What a joke this is. What would one expect the federal government to say about a bill they were about to pass into law? No it’s not Constitutional, but we’re going to pass it anyway? Of course not. They would be expected now days to rationalize it.
White House to State AGs: No ‘Legitimate Constitutional Concerns’ in Senate Health Care Bill
White House Press Secretary Robert Gibbs. (AP Photo/Susan Walsh)
(CNSNews.com) – The White House on Tuesday dismissed the concerns of 13 state attorneys general about the constitutionality of a clause in the Senate health care bill that singles out Nebraska for special treatment when it comes to covering the cost of expanding Medicaid coverage.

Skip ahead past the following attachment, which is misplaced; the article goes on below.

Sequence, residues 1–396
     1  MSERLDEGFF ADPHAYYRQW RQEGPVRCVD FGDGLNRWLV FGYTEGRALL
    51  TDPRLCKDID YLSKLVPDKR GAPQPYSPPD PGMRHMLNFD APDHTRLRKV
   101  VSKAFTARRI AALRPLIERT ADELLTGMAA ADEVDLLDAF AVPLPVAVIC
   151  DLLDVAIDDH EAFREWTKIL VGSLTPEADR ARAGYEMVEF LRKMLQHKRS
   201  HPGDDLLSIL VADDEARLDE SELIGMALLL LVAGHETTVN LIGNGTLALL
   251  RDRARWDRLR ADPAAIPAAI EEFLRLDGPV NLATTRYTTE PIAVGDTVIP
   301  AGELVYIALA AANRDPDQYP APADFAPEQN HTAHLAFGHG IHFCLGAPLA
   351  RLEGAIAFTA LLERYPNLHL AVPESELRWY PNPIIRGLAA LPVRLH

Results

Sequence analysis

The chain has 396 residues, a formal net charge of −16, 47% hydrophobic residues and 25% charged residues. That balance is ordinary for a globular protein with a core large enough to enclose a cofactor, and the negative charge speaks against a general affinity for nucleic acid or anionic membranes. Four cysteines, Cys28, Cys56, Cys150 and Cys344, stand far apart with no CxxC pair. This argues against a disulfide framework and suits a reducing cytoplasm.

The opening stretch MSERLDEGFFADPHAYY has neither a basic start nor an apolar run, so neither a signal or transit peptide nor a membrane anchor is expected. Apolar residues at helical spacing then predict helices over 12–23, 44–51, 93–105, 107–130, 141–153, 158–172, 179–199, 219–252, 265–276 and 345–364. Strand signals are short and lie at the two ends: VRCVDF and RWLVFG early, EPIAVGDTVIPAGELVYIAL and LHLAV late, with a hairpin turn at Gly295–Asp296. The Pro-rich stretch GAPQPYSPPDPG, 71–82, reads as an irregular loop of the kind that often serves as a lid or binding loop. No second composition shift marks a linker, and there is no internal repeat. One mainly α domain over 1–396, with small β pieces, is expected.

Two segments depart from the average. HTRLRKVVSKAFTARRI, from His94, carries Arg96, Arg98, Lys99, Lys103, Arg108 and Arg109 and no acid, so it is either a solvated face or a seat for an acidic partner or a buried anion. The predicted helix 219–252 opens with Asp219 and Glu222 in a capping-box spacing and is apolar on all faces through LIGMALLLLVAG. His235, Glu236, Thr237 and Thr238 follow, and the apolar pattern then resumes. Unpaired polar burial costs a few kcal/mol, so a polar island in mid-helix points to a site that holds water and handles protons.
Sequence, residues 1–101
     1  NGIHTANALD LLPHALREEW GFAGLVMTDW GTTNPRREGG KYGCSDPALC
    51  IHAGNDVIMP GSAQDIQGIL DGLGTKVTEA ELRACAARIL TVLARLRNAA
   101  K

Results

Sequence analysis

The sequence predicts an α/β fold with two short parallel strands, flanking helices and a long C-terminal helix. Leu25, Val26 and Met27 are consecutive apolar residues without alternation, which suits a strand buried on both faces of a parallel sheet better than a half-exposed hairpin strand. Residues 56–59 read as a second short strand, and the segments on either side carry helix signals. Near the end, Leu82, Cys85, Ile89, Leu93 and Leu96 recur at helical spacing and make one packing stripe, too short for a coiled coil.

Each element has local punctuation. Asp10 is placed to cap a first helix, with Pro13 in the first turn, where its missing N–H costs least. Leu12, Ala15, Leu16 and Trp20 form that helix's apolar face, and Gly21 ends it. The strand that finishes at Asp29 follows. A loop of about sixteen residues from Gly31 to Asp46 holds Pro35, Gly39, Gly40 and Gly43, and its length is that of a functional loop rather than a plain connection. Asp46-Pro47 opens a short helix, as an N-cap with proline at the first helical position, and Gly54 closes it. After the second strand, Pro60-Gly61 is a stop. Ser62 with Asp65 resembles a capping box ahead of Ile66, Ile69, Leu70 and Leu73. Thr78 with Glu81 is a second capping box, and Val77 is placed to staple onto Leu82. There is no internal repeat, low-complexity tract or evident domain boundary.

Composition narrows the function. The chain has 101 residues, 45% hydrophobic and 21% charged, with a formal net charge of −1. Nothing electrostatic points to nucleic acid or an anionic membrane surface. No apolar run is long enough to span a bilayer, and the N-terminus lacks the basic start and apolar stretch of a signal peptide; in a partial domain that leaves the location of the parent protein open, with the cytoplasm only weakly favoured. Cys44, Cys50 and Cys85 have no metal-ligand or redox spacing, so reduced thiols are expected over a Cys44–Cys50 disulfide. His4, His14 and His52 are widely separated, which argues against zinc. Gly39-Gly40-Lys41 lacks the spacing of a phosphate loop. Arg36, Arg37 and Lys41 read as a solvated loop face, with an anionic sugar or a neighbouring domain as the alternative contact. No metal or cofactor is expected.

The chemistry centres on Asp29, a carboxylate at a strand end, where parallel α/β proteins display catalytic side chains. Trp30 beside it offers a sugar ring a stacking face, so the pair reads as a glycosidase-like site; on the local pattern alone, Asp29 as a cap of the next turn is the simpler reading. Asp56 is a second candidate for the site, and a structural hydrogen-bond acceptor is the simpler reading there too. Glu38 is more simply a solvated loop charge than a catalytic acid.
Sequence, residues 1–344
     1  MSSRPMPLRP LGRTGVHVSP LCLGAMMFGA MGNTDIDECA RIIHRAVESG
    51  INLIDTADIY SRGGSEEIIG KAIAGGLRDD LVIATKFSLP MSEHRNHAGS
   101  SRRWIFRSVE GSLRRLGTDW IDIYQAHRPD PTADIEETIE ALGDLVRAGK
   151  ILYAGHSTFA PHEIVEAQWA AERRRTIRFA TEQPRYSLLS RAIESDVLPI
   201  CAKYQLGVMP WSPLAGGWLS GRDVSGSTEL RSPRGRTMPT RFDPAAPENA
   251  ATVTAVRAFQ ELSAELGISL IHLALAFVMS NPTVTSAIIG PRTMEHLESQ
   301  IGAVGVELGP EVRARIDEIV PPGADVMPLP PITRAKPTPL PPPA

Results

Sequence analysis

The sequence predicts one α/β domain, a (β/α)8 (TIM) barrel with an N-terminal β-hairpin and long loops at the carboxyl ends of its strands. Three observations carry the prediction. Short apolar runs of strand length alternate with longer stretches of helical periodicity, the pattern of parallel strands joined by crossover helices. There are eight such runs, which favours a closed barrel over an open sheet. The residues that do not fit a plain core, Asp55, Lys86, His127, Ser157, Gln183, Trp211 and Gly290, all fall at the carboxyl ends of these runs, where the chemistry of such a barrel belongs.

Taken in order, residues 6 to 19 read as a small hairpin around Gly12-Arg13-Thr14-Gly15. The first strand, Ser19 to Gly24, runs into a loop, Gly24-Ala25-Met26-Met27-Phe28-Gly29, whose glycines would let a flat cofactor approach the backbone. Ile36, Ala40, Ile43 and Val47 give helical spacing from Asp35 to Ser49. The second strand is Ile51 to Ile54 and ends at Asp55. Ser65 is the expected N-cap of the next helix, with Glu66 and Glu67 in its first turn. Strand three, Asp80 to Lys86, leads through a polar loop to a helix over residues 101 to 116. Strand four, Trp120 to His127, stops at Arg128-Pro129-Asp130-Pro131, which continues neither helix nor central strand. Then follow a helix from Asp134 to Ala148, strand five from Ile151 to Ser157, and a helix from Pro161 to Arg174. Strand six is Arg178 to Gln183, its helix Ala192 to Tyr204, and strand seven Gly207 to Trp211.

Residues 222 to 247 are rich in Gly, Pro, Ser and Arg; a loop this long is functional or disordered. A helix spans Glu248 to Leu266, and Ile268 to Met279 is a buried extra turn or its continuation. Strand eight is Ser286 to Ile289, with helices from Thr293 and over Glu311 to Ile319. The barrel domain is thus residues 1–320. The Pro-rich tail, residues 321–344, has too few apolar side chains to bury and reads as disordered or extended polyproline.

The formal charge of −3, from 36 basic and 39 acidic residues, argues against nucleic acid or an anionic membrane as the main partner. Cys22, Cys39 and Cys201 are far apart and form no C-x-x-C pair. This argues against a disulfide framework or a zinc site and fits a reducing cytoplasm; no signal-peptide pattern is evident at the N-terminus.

While stating that he had not read a letter from the attorneys general about the issue, White House Press Secretary Robert Gibbs nonetheless told CNSNews.com, “I do not believe that anybody has legitimate constitutional concerns about the legislation.”
Following are just some of the payoffs and kickbacks Sen. Reid is forcing taxpayers to foot the bill for so he can increase health care costs, raise taxes, cut seniors’ Medicare benefits, and put government bureaucrats in charge of medical decisions:
Sen. Mary Landrieu’s (D-LA) “Louisiana Purchase.” CBS News reports: “It started with Mary Landrieu. When reports surfaced she had been swayed with a $100 million Medicaid deal just for Louisiana, she bragged it was actually $300 million. The deal was so notorious, Republicans gave it a name. ‘We have new words in our lexicon, the Louisiana Purchase,’ Sen. John McCain said.”